The surprising intervention of President Donald Trump into Broadcom Ltd.’s takeover attempt of Qualcomm Inc. could have a major chilling effect on any foreign deals for U.S. tech companies, and could throw a wrench into American companies’ bids for foreign rivals.
On Monday night, Trump blocked Broadcom AVGO, -0.62% from any further attempts to gain control of Qualcomm QCOM, -4.95% citing national security concerns. Trump halted what would have been the largest tech merger in history just days after Qualcomm delayed a crucial shareholder vote at the request of the Committee on Foreign Investment in the United States, or CFIUS.
Trump’s apparent rationale to opposing the deal is the fear that Broadcom would take a different approach than Qualcomm in developing next-generation cellular technology, known as 5G. In that scenario, the U.S. could fall behind China — and especially its corporate bogeyman, Huawei Technologies Co. Ltd. — in the 5G technology race.
That sounds similar to a series of CFIUS denials of Chinese bids for U.S. semiconductor companies, which have been denied to keep key intellectual property in American hands. But it is not the same, as Broadcom is largely an American company that placed its legal headquarters in Singapore, not China, largely for tax purposes. Broadcom and Qualcomm both work with Chinese partners, including Huawei, and Broadcom is expected to complete its move to the United States in the next month.
Even the editorial board of the San Diego Union-Tribune, the newspaper in Qualcomm’s backyard, was not clear on the rationale behind Trump’s move. Stacy Rasgon, a Bernstein Research analyst, disagreed with the threat assessment. “We believe Broadcom will continue to invest in 5G (a core part of the cellular franchise they are buying) but we recognize that it is often tough to fight city hall,” Rasgon said in a note last week when a deal was still possible.
The specious reasoning for the block could have some important unintended consequences, with any company that is headquartered outside the U.S. forced to think twice about making a bid for a domestic company, and U.S. companies potentially facing tougher approvals for overseas acquisitions in response.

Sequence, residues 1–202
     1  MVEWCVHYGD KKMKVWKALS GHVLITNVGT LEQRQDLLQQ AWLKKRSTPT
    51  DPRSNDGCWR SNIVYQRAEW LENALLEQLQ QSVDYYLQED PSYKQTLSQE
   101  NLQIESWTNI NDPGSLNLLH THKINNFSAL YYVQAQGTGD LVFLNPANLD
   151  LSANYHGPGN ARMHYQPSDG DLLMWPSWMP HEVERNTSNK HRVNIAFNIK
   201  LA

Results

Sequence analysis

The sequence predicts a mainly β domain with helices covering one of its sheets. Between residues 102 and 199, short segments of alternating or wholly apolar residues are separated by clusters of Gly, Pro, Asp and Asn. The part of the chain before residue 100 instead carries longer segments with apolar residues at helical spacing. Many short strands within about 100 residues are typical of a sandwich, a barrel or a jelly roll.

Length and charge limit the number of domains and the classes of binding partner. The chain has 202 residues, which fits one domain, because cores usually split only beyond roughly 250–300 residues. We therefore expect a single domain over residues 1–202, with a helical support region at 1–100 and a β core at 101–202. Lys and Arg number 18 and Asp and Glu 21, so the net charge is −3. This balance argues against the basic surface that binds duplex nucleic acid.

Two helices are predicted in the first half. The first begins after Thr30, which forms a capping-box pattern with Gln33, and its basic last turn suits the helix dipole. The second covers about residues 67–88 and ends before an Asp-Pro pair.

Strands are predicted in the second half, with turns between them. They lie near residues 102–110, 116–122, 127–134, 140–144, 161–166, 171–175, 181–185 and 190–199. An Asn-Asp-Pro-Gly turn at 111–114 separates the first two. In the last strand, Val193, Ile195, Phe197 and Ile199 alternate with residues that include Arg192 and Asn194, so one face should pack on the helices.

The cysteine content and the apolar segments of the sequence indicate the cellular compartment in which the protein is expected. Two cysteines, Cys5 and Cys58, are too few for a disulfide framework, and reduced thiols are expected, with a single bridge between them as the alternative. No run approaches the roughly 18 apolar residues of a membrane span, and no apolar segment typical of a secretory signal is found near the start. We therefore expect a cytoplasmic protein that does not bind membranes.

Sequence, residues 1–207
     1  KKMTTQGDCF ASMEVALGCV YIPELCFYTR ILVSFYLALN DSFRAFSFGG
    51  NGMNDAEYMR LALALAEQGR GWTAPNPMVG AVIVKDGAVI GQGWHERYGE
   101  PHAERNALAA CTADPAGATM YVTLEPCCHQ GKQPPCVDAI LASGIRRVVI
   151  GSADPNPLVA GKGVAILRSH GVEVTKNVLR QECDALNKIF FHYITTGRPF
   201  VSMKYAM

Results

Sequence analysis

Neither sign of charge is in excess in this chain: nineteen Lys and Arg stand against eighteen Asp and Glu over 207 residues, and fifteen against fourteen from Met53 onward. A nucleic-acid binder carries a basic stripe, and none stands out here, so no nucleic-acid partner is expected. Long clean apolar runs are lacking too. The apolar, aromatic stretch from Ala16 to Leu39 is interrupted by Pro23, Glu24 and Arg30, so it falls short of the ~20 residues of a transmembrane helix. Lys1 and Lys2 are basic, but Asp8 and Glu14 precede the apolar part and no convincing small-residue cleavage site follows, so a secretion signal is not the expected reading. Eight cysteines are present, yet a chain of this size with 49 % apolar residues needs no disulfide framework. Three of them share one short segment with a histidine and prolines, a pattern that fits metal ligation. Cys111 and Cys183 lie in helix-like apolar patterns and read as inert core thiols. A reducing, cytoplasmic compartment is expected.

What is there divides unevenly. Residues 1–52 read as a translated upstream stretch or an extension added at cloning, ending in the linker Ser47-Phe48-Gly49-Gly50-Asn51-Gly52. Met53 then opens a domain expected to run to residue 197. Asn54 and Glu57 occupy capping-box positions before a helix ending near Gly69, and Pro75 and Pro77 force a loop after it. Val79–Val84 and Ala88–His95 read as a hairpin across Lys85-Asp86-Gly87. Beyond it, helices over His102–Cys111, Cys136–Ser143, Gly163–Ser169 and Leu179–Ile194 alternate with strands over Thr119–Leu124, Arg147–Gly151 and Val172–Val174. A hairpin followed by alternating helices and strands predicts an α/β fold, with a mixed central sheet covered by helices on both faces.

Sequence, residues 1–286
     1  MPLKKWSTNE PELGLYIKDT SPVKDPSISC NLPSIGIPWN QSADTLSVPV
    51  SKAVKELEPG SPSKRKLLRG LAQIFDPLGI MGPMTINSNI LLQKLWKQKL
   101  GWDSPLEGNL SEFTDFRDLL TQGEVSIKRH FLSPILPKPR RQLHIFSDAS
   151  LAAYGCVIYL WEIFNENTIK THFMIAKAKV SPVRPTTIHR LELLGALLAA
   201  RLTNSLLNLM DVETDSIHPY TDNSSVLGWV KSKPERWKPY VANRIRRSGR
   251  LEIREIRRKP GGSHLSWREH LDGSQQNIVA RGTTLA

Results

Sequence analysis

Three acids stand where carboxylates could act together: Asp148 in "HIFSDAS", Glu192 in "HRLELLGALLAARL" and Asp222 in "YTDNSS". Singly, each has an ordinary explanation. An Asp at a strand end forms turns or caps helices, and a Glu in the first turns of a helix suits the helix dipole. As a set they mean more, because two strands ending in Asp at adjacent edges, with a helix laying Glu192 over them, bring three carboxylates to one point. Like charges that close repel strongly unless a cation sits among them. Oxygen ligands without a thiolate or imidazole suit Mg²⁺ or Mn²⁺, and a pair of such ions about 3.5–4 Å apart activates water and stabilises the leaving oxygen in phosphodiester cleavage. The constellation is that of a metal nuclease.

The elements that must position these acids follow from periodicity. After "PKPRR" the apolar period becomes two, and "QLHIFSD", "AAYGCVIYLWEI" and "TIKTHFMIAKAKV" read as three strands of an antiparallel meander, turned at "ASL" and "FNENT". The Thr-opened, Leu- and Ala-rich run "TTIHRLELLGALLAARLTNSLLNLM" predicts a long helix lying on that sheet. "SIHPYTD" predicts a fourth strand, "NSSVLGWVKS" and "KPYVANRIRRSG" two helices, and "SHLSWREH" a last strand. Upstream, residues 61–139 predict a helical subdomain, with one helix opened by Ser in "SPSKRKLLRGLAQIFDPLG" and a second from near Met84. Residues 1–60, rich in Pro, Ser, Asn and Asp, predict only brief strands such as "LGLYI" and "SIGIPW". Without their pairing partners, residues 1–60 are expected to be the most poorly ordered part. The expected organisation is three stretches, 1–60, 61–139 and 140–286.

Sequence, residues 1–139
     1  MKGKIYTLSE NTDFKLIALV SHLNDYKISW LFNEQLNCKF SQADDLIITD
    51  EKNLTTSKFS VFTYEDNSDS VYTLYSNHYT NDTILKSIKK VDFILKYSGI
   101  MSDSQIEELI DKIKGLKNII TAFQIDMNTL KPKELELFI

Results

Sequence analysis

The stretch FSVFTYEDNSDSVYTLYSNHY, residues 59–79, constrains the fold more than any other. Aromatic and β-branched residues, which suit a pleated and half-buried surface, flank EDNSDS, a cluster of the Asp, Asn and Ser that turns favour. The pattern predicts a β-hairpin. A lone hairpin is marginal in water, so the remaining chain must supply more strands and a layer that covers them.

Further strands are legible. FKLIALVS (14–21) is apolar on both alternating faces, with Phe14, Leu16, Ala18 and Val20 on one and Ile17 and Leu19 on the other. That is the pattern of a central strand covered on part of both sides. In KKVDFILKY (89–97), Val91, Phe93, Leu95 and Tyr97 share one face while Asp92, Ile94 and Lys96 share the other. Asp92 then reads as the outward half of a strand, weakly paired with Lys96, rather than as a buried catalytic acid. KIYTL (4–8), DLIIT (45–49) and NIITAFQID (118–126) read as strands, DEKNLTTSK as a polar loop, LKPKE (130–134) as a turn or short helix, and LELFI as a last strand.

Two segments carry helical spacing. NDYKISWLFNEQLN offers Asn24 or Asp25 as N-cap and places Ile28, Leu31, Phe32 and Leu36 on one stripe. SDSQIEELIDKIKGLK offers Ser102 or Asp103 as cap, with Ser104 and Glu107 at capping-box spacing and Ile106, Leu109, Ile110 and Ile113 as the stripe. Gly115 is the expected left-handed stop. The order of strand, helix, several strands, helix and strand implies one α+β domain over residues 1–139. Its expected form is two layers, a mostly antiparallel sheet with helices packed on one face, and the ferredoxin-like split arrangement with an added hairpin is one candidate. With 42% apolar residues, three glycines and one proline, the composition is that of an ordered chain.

“M&A is alive and well…BUT foreign purchases of domestic semiconductor companies are no longer likely to pass CFIUS,” said Christopher Rolland, a Susquehanna Financial analyst, in an email. “While Qualcomm is likely a one-off, even those that planned to re-domicile may be scrutinized.”
One such deal could again test the administration. Marvell Technology Group MRVL, -5.87% has a pending $6 billion deal to buy Cavium Inc. CAVM, -4.40% While Marvell’s U.S. operations are in Santa Clara, Calif., its legal domicile is in the tax haven of Hamilton, Bermuda. Gary Mobley, an analyst with the Benchmark Company, said in a note to clients on Tuesday in one scenario, it was possible that Marvell could be asked to redomicile to the U.S.
“After speaking with Marvell, it is possible for Marvell to finalize the Cavium acquisition conditional on Marvell re-domiciling to the U.S. shortly after,” Mobley said in an email. “This is what happened to Broadcom when it was buying Brocade.” Marvell’s tax rate would increase to close to 10% from 3% as a possible result, he said. The two shareholder groups are set to vote Friday, according to regulatory filings. Marvell officials did not respond to a request for comment.
Another pending deal that involves a foreign company is Qualcomm’s $44 billion offer for NXP Semiconductors Inc. NXPI, -0.80% NXPI, -0.80% in the Netherlands. The two deals that Trump has stopped so far were to buy U.S. companies (the other was a potential deal for Lattice Semiconductor by Chinese investment group Canyon Bridge Partners). It is unclear what his view on foreign acquisitions by American companies is.
Even so, Qualcomm may not see smooth sailing on NXP with regulators on either side of the Atlantic. It still faces a lawsuit by the Federal Trade Commission, which is set to go to trial in early 2019, for monopolistic pricing practices. And earlier this year, Qualcomm was slapped with a $1.23 billion antitrust fine by the EU for making payments illegally to Apple Inc. AAPL, -0.96% for exclusive rights to use its chips in iPhones and other products.
Getting companies to move back to the U.S. is a good thing for the economy, and that has been part of Trump’s agenda as seen by his tax plan. At the same time, a harsh stance against much of the M&A engine helping drive renewed investor interest and consolidation in the semiconductor industry may need more thoughtful decisions, not those raised by hyperbole and a bunch of what-ifs.